The American pattern of historical oil discovery and production is only a loose guide to what is going on in the rest of the world. In the US, oil, once found, was pumped without much substantive effort at constraint. The curves for discovery and production are going to look different where conservative nationalised companies are doing the looking, or where – as in the case of Saudi Arabia – there has been so much oil that the taps can be turned up and down for long periods so as to moderate supply and thus influence price. Countries that have onshore and offshore oil can have two curves, because the technology for offshore oil exploitation was developed much later than that for onshore. Curves will also be disrupted by wars, big political events, even accidents. None the less, country after country follows a crude bell curve – like Hubbert’s curve – in both discovery and production. Today, more than 60 out of the 65 countries possessing oil have passed their discovery topping points and 49 of them have passed their production topping points. The US has a particularly long gap between the two: 40 years (1930 to 1970). The UK has one of the shortest: 25 years (1974 to 1999). This is because the first discoveries were made much later in the UK, when technology for both exploration and production were more advanced. Growing supplies of British oil didn’t last long, though. Britain is now a net oil importer just like the US.
Nor is there any comfort to be derived from gas. Gasfields deplete very differently from oilfields, gas being much more mobile than oil. It is normal for a gasfield to yield 70-80 per cent of its gas over its production lifetime, whereas an oilfield will typically yield only 35-40 per cent of its oil. Drillers normally set gas production far below the natural production capacity so as to give a long production plateau. But the danger in this is that the end of the production plateau comes abruptly, and without market signals.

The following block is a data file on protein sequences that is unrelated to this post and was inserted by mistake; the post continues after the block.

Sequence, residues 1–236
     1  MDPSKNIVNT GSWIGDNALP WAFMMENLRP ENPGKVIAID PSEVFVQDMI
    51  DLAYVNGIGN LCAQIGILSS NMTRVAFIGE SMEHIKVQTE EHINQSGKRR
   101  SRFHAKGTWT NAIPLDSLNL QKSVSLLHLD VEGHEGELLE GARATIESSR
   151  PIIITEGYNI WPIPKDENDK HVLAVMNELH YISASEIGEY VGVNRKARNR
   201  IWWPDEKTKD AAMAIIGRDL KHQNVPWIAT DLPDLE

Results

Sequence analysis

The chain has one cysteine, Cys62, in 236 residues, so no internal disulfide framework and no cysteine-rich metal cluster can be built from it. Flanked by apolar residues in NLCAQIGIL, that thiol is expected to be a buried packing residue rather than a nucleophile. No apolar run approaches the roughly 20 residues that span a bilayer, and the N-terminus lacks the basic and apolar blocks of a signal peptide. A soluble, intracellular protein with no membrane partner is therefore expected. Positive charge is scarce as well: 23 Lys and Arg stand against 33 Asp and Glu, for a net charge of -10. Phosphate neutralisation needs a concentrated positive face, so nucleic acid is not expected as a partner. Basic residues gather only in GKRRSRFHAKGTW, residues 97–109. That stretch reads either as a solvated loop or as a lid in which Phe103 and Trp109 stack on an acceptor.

Colin Campbell, a prominent early topper, estimates that the original global endowment of conventional gas was around 10,000 trillion cubic feet (equivalent to 1.8 trillion barrels of oil), of which about a quarter has been produced to date. He expects a global plateau in production of around 130 trillion cubic feet per year during the period 2015 to 2040, with production falling over a cliff beyond that. Jean Laherrère forecasts 12,000 trillion cubic feet for all gas including unconventional sources (2 trillion barrels of oil equivalent). He puts the peak of gas depletion in 2030, at 130 trillion cubic feet per year. But the exact figures need not concern us. What matters is that gas has all the same problems of dependence on overseas supplies as oil, and more besides.